Collateralised transaction
(e.g. repo)
AA-rated borrower Lower Low Lower probability of low losses Very small
BBB-rated borrower Higher Low Higher probability of low losses Very small

Sources: APRA; Authors' calculations

Consider two stylised examples to demonstrate how the creditworthiness of the cash borrower and the collateralisation affect the risk weight on an investment. In both examples Bank A is seeking to invest cash for three months.

Bank A can lend the cash on an uncollateralised basis by buying a bank bill issued by Bank B. Bank A is exposed to default on the whole face value of the bank bill. The likelihood of this occurring varies with the creditworthiness of Bank B (the borrower). Therefore, the risk weight on unsecured transactions can vary from low (if the borrower is highly rated) to high (if the borrower has a low credit rating), reflecting the expected loss on the investment. Risk weights on uncollateralised trades vary significantly depending on the creditworthiness of the borrower.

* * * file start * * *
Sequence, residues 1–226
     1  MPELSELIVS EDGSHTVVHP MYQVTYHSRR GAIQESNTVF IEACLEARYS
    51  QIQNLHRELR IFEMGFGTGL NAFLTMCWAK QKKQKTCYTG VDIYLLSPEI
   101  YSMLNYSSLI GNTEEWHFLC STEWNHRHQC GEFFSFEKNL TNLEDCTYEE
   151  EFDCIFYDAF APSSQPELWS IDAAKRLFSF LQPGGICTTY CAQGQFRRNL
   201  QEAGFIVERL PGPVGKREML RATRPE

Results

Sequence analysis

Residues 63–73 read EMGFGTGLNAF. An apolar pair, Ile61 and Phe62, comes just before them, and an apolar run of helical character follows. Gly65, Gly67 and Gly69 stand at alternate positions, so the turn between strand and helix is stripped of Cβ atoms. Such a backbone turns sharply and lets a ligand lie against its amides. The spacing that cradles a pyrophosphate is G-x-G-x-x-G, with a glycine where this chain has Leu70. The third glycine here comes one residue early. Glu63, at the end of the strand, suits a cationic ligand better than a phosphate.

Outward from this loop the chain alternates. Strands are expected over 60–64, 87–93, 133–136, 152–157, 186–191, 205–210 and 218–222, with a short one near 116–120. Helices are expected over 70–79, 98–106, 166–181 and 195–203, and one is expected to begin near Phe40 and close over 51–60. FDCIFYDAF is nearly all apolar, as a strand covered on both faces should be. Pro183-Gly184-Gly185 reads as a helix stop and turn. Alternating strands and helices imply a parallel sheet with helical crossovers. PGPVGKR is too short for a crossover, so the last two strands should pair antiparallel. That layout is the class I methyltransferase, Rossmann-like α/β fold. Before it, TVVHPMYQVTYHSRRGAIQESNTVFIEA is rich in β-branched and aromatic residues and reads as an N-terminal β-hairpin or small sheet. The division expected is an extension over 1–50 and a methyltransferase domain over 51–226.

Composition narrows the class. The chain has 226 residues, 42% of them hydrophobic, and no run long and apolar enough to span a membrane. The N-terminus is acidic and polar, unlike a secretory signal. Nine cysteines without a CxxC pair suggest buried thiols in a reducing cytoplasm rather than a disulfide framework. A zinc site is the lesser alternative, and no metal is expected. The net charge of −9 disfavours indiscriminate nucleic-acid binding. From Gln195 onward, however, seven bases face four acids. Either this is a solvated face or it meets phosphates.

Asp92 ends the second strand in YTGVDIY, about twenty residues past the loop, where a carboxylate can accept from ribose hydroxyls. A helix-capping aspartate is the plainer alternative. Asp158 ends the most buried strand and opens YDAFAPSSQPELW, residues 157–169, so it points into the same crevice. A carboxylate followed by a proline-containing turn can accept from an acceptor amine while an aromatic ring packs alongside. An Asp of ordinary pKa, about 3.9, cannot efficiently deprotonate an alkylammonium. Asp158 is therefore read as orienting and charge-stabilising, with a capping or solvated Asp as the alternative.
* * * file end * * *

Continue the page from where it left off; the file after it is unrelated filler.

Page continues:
Alternatively, Bank A can collateralise its investment by lending to Bank B under repo. Collateralisation significantly reduces the likelihood – and magnitude – of potential losses. If Bank B defaults, Bank A can sell the collateral to recoup their investment. As a result, risk weights on collateralised trades tend to be lower.